The ATF earned a horrible reputation in the 1990s. It looks like some legitimate investigative agency should turn the tables and infiltrate the ATF.
In short, this was a case of one motorcycle gang investigating a rival motorcycle gang.
I read stories like these and run the oath of office ("protect and defend" blah blah blah) in the background of my mind. Just for laughs.
A federal judge on Tuesday gave another black eye to the Bureau of Alcohol, Tobacco, Firearms and Explosives, issuing a scathing rebuke of the agency's handling of the career and security of one of its own -- celebrated undercover agent Jay Dobyns, who infiltrated the notorious Hells Angels.
After a costly six-year legal battle, Judge Francis Allegra, with the federal claims court in Washington, D.C., chastised the ATF for failing to adequately protect Dobyns and his family from the gang.
The motorcycle gang had sought retribution after the agent's undercover work during Operation Black Biscuit, which brought 16 indictments against them including charges of murder and racketeering.
Threats against Dobyns included threats to kill him and his family, gang-rape his wife, and infect Dobyns with the HIV virus.
Dobyns' house also was burned down in 2008 with his wife and children sleeping inside -- his family escaped unharmed. In the case, Dobyns said the ATF accused him of starting the fire. The arsonist was never caught.
"It is evident that ATF officials failed to follow through in implementing the steps that were supposed to minimize the risks that might affect Agent Dobyns and his family. In the court's view, this represented another instance in which ATF violated the covenant of good faith and fair dealing," Allegra wrote in his opinion.
A 2007 settlement, reached after Dobyns first claimed the agency improperly investigated and protected his family against threats, awarded him $373,000.
But Dobyns alleged a "breach of good faith," claiming the agency continued to retaliate against him. Allegra, in his opinion, awarded Dobyns $173,000 in damages.
Dobyns, who is currently out of the country at a motivational speaking event, posted a lengthy statement on his website claiming vindication.
"This was never about a cash-out to leverage me into silence. This always was, has been, and will continue to be about the restoration of dignity that the federal government stole from me," he wrote.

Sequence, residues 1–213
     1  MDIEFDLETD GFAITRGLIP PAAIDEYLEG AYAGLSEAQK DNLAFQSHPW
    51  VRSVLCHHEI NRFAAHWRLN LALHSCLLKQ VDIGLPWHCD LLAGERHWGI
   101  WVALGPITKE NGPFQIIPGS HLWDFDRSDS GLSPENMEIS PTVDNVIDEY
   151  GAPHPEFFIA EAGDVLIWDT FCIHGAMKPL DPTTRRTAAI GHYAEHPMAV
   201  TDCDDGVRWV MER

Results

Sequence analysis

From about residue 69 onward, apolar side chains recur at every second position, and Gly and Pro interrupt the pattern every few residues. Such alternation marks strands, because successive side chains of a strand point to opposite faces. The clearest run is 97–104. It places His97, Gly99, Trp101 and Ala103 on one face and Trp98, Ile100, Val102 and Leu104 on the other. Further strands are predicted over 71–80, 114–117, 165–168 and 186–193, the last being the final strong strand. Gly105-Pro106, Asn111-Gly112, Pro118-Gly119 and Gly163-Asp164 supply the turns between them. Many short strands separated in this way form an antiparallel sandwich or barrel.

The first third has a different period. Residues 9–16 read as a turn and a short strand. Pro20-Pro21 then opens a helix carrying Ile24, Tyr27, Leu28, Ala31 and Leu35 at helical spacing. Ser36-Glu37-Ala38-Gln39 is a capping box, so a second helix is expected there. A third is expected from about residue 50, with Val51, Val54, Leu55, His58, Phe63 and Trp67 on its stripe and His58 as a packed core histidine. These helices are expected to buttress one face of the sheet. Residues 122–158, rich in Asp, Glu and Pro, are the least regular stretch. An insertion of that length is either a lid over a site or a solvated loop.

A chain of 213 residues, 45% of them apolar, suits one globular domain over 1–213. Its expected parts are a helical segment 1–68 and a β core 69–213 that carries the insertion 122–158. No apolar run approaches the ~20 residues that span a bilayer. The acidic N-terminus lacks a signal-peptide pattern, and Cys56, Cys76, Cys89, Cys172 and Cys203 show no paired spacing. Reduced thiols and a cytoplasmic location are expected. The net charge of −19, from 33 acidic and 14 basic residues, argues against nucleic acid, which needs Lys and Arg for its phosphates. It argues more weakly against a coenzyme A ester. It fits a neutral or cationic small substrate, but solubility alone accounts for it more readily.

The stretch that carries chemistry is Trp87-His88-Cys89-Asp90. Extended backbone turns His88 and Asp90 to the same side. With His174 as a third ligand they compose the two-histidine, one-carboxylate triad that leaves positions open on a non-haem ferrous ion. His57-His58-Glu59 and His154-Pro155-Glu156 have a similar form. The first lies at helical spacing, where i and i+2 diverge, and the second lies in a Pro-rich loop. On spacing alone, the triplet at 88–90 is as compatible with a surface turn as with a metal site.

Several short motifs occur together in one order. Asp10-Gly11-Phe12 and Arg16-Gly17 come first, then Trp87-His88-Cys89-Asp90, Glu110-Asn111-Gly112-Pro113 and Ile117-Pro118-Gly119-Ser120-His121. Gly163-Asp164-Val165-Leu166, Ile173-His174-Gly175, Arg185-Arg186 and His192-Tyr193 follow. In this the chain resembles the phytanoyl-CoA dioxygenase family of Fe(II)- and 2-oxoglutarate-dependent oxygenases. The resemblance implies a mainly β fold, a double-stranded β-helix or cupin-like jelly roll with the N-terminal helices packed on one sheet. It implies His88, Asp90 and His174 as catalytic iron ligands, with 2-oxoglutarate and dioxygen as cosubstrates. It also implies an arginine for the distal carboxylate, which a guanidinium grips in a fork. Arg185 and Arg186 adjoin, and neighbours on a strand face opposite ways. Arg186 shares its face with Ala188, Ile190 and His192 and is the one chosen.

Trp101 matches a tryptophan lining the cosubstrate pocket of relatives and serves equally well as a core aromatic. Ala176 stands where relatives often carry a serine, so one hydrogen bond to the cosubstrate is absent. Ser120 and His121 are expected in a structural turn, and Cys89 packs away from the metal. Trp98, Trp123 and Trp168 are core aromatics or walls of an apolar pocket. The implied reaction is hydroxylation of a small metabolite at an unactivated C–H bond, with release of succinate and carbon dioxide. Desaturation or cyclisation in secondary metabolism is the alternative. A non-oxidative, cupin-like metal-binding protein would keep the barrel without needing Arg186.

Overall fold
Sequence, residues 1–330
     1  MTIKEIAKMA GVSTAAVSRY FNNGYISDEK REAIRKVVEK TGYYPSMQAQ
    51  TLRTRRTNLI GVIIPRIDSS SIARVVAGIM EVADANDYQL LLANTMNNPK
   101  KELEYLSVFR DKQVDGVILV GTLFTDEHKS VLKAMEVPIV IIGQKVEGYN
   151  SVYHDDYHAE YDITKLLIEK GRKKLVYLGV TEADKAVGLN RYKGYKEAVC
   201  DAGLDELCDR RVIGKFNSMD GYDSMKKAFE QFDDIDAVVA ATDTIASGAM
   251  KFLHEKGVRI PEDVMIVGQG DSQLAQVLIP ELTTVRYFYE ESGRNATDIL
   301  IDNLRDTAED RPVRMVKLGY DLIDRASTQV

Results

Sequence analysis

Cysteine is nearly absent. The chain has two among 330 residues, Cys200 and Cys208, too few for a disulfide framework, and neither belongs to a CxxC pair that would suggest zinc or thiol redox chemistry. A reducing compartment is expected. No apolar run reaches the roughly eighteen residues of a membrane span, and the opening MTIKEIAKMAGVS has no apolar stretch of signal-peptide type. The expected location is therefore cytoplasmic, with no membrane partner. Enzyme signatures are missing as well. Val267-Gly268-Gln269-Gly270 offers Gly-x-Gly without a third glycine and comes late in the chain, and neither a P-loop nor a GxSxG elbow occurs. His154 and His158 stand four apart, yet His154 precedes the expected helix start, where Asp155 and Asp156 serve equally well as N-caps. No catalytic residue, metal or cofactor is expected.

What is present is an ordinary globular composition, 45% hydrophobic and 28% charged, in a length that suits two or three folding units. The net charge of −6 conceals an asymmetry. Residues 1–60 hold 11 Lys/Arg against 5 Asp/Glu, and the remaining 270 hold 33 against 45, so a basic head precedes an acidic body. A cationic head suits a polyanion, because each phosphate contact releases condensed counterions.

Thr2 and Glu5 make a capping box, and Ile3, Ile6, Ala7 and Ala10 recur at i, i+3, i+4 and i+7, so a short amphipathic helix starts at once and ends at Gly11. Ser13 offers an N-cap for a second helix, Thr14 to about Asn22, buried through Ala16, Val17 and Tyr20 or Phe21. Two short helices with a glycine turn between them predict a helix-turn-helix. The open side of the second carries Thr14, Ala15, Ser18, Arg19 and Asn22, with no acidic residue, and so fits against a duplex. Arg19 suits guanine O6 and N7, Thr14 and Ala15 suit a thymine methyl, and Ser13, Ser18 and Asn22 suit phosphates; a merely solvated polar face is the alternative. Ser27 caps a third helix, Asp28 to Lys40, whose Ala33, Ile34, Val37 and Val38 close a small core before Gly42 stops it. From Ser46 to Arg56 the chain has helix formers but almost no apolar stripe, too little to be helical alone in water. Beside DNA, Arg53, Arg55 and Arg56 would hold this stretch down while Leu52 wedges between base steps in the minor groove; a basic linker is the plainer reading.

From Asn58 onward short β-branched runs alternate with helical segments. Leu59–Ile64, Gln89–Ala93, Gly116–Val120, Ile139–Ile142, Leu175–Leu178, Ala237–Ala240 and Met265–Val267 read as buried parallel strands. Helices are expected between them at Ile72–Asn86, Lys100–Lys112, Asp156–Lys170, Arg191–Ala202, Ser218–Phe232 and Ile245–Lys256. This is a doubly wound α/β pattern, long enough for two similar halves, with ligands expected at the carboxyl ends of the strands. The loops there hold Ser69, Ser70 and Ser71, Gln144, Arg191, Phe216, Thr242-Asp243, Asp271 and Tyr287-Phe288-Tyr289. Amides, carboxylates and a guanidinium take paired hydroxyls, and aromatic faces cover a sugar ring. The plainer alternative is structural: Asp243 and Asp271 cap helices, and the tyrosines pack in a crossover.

Asked for comment on Tuesday, a Justice Department official told Fox News: "We have received and are reviewing the Court's decision. We have no further comment at this time."
The ATF managers involved in the case happen to be the same senior officials in Arizona who mishandled the Operation Fast and Furious case -- the botched anti-gunrunning sting -- including Agent in Charge Bill Newell and his assistant George Gillett.
The opinion said Gillett and another agent "purposely slowed" the probe into Dobyns' house fire and said despite Gillett's claims that he did not view Dobyns as a suspect, "every indication was that he did." The judge also said "there is strong indication" that Gillett at least "tacitly approved" of a decision to tape-record conversations with Dobyns in 2008 without his knowledge.
Allegra wrote that "it appears that ASAC Gillett purposely attempted to shield critical investigative information from senior ATF officials and did so, knowing full well that he was not complying with the procedures used for filing information."
Allegra likened the case to the Franz Kafka novel, "The Trial," where "Kafka depicts a totalitarian state in which the government suppressed freedom via a deluge of circuitous and irrational process," including acquittals that don't really remove the threat of legal charges.
"Experiences like these unfortunately bring to mind those that Agent Dobyns experienced," he wrote. "A time that should have been one of healing and reconciliation, but that instead gave certain ATF officials and agents the opportunity to harm Agent Dobyns further. In the court's view, the actions of these ATF employees indisputably breached the covenant of good faith and fair dealing. ... Hopefully, this will bring this Kafkaesque story to an end."
Dobyns recently retired from the agency with his badge and full pension and is now on the speaking circuit.
Other agents expressed disappointment with Tuesday's decision and said the relatively modest award will discourage whistleblowers and wronged agents from coming forward with information about the agency.
Dobyns, a decorated agent, best-selling author and former star football player at the University of Arizona, joined ATF out of college. During his first week on the job at age 26, Dobyns was shot. He fell in love with undercover work, and was asked to infiltrate the Hells Angels.
Shaving his head, getting "fully sleeved" with tattoos shoulder to wrist, bulking up and essentially leaving his family behind, Dobyns became Jay "Bird" Davis, a chain-smoking, Harley-riding renegade.
Dobyns was invited to join the gang only after "killing" the leader of a rival gang, the Mongols. In fact, the shooting death was staged, complete with a Hollywood make-up artist and a dead cow used to splatter the victims' clothing with blood and brain matter.
Allegra, in his decision, also denied government claims for royalties from Dobyns' book.